crle -c /var/ld/ld.config -l /lib:/usr/lib:/opt/local/lib

Of course, for more information on any of these tools, check out their man pages. They’re well-documented. If you find yourself debugging build problems, you’ll probably also want to know about nm, objdump, and elfdump, which are available on many systems and well documented elsewhere.

illumos tools for observing processes

illumos, with Solaris before it, has a history of delivering rich tools for understanding the system, but discovering these tools can be difficult for new users. Sometimes, tools just have different names than people are used to. In many cases, users don’t even know such tools might exist.

In this post I’ll describe some tools I find most useful, both as a developer and an administrator. This is not intended to be a comprehensive reference, but more like part of an orientation for users new to illumos (and SmartOS in particular) but already familiar with other Unix systems. This post will likely be review for veteran illumos and Solaris users.

The proc tools (ptools)

The ptools are a family of tools that observe processes running on the system. The most useful of these are pgrep, pstack, pfiles, and ptree.

pgrep searches for processes, returning a list of process ids. Here are some common example invocations:

$ pgrep mysql         # print all processes with "mysql" in the name
                      # (e.g., "mysql" and "mysqld")
$ pgrep -x mysql      # print all processes whose name is exactly "mysql"
                      # (i.e., not "mysqld")
$ pgrep -ox mysql     # print the oldest mysql process
$ pgrep -nx mysql     # print the newest mysql process
$ pgrep -f mysql      # print processes matching "mysql" anywhere in the name
                      # or arguments (e.g., "vim mysql.conf")
$ pgrep -u dap        # print all of user dap's processes

These options let you match processes very precisely and allow scripts to be much more robust than “ps -A | grep foo” allows.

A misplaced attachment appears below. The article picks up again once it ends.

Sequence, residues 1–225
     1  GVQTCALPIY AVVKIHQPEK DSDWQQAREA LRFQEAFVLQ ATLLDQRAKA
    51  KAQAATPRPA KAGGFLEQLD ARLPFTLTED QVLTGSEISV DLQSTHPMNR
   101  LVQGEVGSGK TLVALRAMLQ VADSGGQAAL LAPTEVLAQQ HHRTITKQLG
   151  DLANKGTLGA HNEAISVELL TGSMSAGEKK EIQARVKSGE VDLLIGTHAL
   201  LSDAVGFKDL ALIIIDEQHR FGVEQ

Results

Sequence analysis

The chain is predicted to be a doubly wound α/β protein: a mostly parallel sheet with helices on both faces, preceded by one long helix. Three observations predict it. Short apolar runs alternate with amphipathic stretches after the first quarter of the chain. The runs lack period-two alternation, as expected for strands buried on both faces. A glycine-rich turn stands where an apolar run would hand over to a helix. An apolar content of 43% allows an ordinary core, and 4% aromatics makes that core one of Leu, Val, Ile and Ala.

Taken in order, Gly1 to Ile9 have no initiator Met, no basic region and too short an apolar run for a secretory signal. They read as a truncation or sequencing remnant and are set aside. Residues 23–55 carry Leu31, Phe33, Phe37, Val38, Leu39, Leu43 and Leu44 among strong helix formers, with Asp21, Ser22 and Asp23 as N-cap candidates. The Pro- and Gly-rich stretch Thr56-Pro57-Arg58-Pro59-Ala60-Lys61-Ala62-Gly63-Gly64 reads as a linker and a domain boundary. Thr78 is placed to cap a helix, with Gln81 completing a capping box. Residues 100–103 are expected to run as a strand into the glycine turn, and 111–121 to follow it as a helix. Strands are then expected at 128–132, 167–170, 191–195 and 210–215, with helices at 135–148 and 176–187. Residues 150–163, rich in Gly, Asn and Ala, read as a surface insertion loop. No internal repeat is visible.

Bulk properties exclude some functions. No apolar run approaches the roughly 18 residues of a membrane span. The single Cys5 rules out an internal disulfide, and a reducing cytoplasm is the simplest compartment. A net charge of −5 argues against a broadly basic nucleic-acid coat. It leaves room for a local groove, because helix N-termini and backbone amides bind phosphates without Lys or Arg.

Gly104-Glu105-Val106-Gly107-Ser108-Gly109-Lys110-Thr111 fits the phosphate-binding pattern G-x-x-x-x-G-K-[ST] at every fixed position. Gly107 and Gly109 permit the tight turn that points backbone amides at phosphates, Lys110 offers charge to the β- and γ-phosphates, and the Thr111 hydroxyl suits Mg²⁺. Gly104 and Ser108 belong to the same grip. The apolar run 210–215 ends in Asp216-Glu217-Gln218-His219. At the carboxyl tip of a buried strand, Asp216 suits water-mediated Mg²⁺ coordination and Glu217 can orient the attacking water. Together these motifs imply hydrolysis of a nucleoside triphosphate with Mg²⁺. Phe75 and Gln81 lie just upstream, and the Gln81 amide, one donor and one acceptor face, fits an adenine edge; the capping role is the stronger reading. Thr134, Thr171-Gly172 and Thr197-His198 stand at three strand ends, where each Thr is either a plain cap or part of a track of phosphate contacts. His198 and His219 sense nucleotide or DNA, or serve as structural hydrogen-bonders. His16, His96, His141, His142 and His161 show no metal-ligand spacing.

I often combine pgrep with ps. For example, to see the memory usage of all of my node processes, I use:

$ ps -opid,rss,vsz,args -p "$(pgrep -x node)"
 4914 94380 98036 /usr/local/bin/node demo.js -p 8080
32113 92616 95964 /usr/local/bin/node demo.js -p 80

pkill is just like pgrep, but sends a signal to the matching processes.

pstack shows you thread stack traces for the processes you give it:

$ pstack 51862
51862:      find /
 fedd6955 getdents64 (fecb0200, 808ef87, 804728c, fedabd84, 808ef88, 804728c) + 15
 0805ee9c xsavedir (808ef87, 0, 8089a90, 1000000, 0, fee30000) + 7c
 080582dc process_path (808e818, 0, 8089a90, 1000000, 0, fee30000) + 33c
 080583ee process_path (808e410, 0, 8089a90, 1000000, 0, fee30000) + 44e
 080583ee process_path (808e008, 0, 8089a90, 0, 0, fecb2a40) + 44e
 080583ee process_path (8047cbd, 0, 8089a90, 0, fef40c20, fedc78b6) + 44e
 080583ee process_path (8075cd0, 0, 2f, fed59274, 8047b48, 8047cbd) + 44e
 08058931 do_process_top_dir (8047cbd, 8047cbd, 0, 0, 0, 0) + 21
 08057c5e at_top   (8058910, 2f, 8047bb0, 8089a90, 28, 80571f0) + 9e
 08072eda main     (2, 8047bcc, 8047bd8, 80729d0, 0, 0) + 4ea
 08057093 _start   (2, 8047cb8, 8047cbd, 0, 8047cbf, 8047cd3) + 83

This is incredibly useful as a first step for figuring out what a program is doing when it’s slow or not responsive.

pfiles shows you what file descriptors a process has open, similar to “lsof” on Linux systems, but for a specific process:

$ pfiles 32113
32113:      /usr/local/bin/node /home/snpp/current/js/snpp.js -l 80 -d
  Current rlimit: 1024 file descriptors
   0: S_IFCHR mode:0666 dev:527,6 ino:2848424755 uid:0 gid:3 rdev:38,2
   1: S_IFREG mode:0644 dev:90,65565 ino:38817 uid:0 gid:0 size:793928
   2: S_IFREG mode:0644 dev:90,65565 ino:38817 uid:0 gid:0 size:793928
   3: S_IFPORT mode:0000 dev:537,0 uid:0 gid:0 size:0
   4: S_IFIFO mode:0000 dev:524,0 ino:6257976 uid:0 gid:0 size:0
   5: S_IFIFO mode:0000 dev:524,0 ino:6257976 uid:0 gid:0 size:0
   6: S_IFSOCK mode:0666 dev:534,0 ino:23280 uid:0 gid:0 size:0
    sockname: AF_INET  port: 80
   7: S_IFREG mode:0644 dev:90,65565 ino:91494 uid:0 gid:0 size:6999682

This includes details on files (including offset, which is great for checking on programs that scan through large files) and sockets.

ptree shows you a process tree for the whole system or for a given process or user. This is great for programs that use lots of processes (like a build):

$ ptree $(pgrep -ox make)
4599  zsched
  6720  /usr/lib/ssh/sshd
    45902 /usr/lib/ssh/sshd
      45903 /usr/lib/ssh/sshd
        45906 -bash
          54464 make -j4
            54528 make -C out BUILDTYPE=Release
                55719 /opt/local/libexec/gcc/i386-pc-solaris2.11/4.6.2/cc1 -quiet -I
                55758 /opt/local/libexec/gcc/i386-pc-solaris2.11/4.6.2/cc1 -quiet -I
              55769 sed -e s|^bf_null.o|/home/dap/node/out/Release/obj.target/openss
              55771 /bin/sh -c sed -e "s|^bf_nbio.o|/home/dap/node/out/Release/obj.t

Here’s a summary of these and several other useful ptools:

  • pgrep/pkill: search processes (and signal them)